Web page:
We’re considering installing a pond. Well not really, but if we ever wanted one, here is a no obligation, free of charge mock-up provided by the sky. Every time huge buckets of rain fall we thank our builder for his up-selling which was something like “you’re going to need a drain at the back of the house or it will flood”. We have had, and are still having rain and lots of it. The grey skies and lack of sunshine is becoming just a little tedious. According to the Portuguese meteorological website we’ve had about two hundred and fifty million, billion times the average rain fall in January. My Portuguese numbers aren’t so good so it might not have been quite as much as that.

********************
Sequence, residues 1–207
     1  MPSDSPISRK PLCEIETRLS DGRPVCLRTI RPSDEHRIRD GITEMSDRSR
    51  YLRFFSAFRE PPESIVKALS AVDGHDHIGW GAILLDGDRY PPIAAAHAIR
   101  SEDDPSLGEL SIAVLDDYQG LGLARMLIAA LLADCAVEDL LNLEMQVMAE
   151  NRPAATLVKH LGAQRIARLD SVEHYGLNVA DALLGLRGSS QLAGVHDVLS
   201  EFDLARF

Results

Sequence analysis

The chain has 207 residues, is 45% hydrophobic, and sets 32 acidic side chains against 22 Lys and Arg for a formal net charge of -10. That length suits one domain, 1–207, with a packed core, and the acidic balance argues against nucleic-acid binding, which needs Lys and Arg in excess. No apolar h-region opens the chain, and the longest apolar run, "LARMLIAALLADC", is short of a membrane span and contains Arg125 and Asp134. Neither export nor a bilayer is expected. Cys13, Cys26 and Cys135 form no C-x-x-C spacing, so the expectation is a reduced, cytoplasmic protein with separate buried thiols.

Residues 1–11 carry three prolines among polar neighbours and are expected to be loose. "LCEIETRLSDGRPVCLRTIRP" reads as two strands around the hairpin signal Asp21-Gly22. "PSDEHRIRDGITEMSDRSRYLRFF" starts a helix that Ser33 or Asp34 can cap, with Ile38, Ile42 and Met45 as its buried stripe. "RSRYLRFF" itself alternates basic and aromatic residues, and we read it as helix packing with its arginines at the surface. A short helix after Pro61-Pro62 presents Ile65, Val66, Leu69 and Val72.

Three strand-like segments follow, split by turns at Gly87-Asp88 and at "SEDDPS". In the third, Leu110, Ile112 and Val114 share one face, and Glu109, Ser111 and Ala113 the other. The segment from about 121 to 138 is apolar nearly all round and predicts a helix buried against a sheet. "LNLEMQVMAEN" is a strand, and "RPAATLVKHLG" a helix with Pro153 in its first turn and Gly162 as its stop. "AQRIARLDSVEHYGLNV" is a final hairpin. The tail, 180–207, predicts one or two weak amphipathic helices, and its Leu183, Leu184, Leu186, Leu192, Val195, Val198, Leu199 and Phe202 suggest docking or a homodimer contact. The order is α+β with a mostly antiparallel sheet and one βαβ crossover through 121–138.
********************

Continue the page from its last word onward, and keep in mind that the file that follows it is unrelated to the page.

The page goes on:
On a dark and rainy day (which one!) I remembered our little orange tree and my promise to myself to make marmalade. The oranges we have are bitter but with enough sweetness to eat. A bit like a cross between a sweet orange and a grapefruit. As “true” English marmalade is made from the bitter (but high pectin) Seville orange, our bitter/sweet variety might make a lovely marmalade. Boiling and inhaling all that stored sunshine is bound to lift our spirits! We’ll make our own sunshine damn it. Marmalade made in the home of marmalada with local oranges rather than Spanish seems a nice little twist to this tale of preserved fruit. For those who didn’t know, Portuguese marmalada (or quince paste) came well before marmalade. Portuguese marmalada has been known in the UK since mediaeval times but Seville orange marmalade is a later development, now with its own tradition. Like many things in the western world though, the Greeks did it first! Is that just because universities love ancient Greece and that’s as far as we look? I bet the Chinese were making some kind of marmalade paper or a marmalade powered rocket while we were still grunting and pointing at toast wondering what would taste nice on it.